Obviously, as I said, he will… since he’s in Addis, he will meet with Prime Minister Abiy and the President, but there [are] no plans for him to travel outside of the capital.
Question: But why not, really? I mean, he’s… for two years, he’s been so involved in trying to get aid to Tigray. Now it’s starting to go, why not go and see? [cross talk]
Spokesman: I think it’s just… Well, I think there’s… it is not possible within the schedule. Also, there are a lot of logistical challenges to doing that during such a short trip. But as you say, the humanitarian situation in Tigray has been a huge focus for us, but the focus of this trip is on the United Nations-African Union relations.
Question: Just a technical question about the fertilizer initiative. In the statement, you said, “The fertilizer donation initiative is part of the agreements signed in Istanbul on the 22 July to address global food insecurity…”
As far as I remember, there’s no mentioning about the donation. If I remember correctly, when I first realised this, it’s actually on 20 September when Russian President Vladimir Putin first said that there are tonnes of fertilizer stuck in EU ports, and he said Russia would like to donate those fertilizers.
So, how to… I mean, just help me to understand this part, why it’s a part of the agreement…? [cross talk]
Spokesman: Because frankly, I think without the active and detailed work that the UN has been doing, led on this part by Rebeca Grynspan, on working with the EU, with the European Union, and with the US to ensure the facilitation of trade. This is part of facilitation of trade. The producers of this fertilizer, which was already in European ports, have decided to give the fertilizers. Whether it’s paid or a gift, it remains trade, and it’s part of that overall trade.
Stefano, and then I’ll come back to you, Maggie.
Question: Thank you, Stéphane. First, is the Secretary-General going to watch the soccer game, the World Cup game, between… and then there is a question… [laughter] [cross talk]
Spokesman: Is there a World Cup game involving a…
Question: Iran and US.
Spokesman: … a European country that borders on the Atlantic that’s next to Spain?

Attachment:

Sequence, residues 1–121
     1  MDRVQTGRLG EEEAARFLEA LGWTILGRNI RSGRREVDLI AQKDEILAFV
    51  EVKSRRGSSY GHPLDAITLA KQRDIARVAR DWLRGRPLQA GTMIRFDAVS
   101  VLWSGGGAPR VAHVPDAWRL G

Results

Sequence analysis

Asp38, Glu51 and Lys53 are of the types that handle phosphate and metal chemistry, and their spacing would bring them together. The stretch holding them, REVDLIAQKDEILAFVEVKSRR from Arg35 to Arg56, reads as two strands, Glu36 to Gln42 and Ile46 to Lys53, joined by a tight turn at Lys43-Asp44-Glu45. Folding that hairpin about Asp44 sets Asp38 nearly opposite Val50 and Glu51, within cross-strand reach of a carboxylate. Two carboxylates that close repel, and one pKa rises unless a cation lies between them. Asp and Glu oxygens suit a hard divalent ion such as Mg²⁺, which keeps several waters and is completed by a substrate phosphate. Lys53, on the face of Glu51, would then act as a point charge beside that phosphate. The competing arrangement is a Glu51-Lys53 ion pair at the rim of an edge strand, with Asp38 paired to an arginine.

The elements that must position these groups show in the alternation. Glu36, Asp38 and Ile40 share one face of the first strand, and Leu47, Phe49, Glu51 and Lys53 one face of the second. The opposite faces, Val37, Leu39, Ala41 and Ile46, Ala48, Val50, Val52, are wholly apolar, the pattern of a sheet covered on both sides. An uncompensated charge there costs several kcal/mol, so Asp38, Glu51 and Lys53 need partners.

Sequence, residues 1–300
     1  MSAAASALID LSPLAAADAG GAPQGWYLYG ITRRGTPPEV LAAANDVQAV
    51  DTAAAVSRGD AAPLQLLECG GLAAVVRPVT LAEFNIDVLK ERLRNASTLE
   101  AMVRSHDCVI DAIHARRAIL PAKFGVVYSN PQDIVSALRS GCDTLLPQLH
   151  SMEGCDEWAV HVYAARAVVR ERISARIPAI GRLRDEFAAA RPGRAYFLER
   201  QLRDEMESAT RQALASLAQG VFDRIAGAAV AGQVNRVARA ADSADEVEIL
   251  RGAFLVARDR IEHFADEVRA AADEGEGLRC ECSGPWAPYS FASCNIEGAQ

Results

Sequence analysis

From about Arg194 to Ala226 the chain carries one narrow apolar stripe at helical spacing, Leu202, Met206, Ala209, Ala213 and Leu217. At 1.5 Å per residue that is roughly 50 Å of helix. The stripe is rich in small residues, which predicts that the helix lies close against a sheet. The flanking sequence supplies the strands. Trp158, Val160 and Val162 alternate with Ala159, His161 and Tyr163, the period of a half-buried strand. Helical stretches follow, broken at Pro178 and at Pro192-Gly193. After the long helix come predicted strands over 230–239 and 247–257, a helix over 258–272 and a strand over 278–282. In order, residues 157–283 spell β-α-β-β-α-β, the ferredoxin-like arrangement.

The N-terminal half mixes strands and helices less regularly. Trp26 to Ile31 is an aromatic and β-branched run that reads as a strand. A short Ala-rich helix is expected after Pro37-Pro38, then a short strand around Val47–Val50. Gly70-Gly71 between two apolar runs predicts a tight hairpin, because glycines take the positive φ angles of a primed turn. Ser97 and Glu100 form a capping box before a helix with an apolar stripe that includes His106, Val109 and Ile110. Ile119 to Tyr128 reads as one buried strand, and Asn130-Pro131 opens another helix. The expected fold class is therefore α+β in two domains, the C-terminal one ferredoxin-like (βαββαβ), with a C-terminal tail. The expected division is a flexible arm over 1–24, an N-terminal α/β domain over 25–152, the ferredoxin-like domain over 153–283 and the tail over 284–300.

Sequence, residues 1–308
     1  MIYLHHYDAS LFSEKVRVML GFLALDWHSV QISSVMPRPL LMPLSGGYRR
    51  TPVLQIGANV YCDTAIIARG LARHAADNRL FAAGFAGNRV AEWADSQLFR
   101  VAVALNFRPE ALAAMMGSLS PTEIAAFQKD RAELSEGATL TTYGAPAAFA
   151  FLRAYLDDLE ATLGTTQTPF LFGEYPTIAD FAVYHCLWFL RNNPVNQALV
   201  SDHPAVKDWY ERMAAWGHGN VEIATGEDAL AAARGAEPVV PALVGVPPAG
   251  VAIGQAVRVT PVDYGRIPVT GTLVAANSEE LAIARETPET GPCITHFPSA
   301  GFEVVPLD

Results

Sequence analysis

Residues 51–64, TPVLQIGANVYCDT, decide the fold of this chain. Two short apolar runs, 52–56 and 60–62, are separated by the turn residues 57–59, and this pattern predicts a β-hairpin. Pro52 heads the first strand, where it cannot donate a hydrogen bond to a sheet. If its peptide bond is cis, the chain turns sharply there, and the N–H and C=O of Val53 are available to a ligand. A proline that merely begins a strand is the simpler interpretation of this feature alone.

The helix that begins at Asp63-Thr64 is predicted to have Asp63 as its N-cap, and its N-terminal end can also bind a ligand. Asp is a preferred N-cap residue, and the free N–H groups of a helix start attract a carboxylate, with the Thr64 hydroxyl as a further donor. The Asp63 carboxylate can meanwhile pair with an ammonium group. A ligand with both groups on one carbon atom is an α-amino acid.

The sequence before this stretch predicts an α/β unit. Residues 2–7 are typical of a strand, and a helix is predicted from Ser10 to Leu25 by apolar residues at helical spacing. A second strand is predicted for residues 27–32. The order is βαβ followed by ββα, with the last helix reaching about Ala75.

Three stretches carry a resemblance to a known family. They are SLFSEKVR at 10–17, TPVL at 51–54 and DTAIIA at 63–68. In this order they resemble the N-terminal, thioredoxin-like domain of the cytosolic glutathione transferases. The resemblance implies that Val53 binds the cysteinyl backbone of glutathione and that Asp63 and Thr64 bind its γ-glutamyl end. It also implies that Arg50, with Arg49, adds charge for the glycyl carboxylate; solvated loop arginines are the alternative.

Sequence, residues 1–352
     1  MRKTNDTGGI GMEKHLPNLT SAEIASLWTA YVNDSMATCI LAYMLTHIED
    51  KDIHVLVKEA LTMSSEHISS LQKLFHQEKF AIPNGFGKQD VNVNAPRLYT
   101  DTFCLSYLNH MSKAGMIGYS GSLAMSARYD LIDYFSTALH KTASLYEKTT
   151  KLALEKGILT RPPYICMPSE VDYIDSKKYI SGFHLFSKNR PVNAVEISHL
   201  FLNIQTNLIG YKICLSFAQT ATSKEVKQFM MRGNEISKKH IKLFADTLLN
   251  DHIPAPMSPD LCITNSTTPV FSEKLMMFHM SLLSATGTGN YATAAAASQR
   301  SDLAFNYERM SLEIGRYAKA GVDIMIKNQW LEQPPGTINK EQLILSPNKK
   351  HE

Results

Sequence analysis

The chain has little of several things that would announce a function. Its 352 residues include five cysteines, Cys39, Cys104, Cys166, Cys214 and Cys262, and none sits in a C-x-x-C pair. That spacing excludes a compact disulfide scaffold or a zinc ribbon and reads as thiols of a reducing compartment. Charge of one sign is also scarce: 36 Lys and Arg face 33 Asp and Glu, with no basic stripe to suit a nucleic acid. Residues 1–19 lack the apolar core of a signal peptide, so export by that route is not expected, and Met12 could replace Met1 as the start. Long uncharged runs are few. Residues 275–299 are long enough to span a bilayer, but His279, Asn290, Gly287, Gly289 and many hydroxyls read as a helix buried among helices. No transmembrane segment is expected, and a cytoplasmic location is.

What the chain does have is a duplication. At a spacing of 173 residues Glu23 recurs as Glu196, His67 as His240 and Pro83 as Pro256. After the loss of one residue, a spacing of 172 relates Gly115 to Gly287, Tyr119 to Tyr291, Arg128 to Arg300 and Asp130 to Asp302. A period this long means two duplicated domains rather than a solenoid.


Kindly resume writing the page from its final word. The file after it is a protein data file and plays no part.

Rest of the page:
Question: No, of course, he’s… of course, he’s happy for Portugal, but the point is… is he going to watch the game today?
Spokesman: I don’t think he will be watching the game today. He’s leaving today, and his agenda is absolutely chock-full… He’s not taking any timeout to watch games. [cross talk]
Question: But I have a question… [cross talk]
Spokesman: That I can tell you, despite his interest.
Question: I have a question about the World Cup. There is a source of the CNN, apparently, the World Cup soccer team of Iran has been threatened with imprisonment and torture if the player fail to behave ahead of the match against the USA. This was published… So, the question is… [cross talk]
Spokesman: I have no… I read… I saw that report in The Post this morning… [cross talk]
Question: The question is, does the Secretary-General has been following the protests that have been around the… when Iran play to support the protests of the… you know, that’s happening in Iran at the moment? Has been, like, following this with interest?
Spokesman: Of course. The Secretary-General’s been speaking out very clearly on his position regarding the protests that have been going on in Iran.
As to the report you mentioned on… I mean, I have no way to verify… to check the veracity or not of that report, so I’m not going to comment on it.
Question: Just to follow up on the fertilizer, Steph, do you have any guidance that you can share with us in terms of putting that 260,000 tonnes into context, how many farmers it could help or how many hectares of land it would fertilise or…
Spokesman: That’s a very good question and one I should have asked myself, so I will try to… [cross talk]
Question: Okay. Or how many ships it will take to carry it all? Because there’s one ship for 20,000. [cross talk]
Spokesman: Well, I mean, this is one ship. [cross talk]
Question: Is it a full ship, a half a ship? I don’t know.
Spokesman: That depends on the size of the ship, but it will take a lot of ships. But we’ll try to give you some context in terms of the impact.
Spokesman: No problem. That’s what we’re here for.
Speaking of science, Dr. Núñez, I would invite you to come up.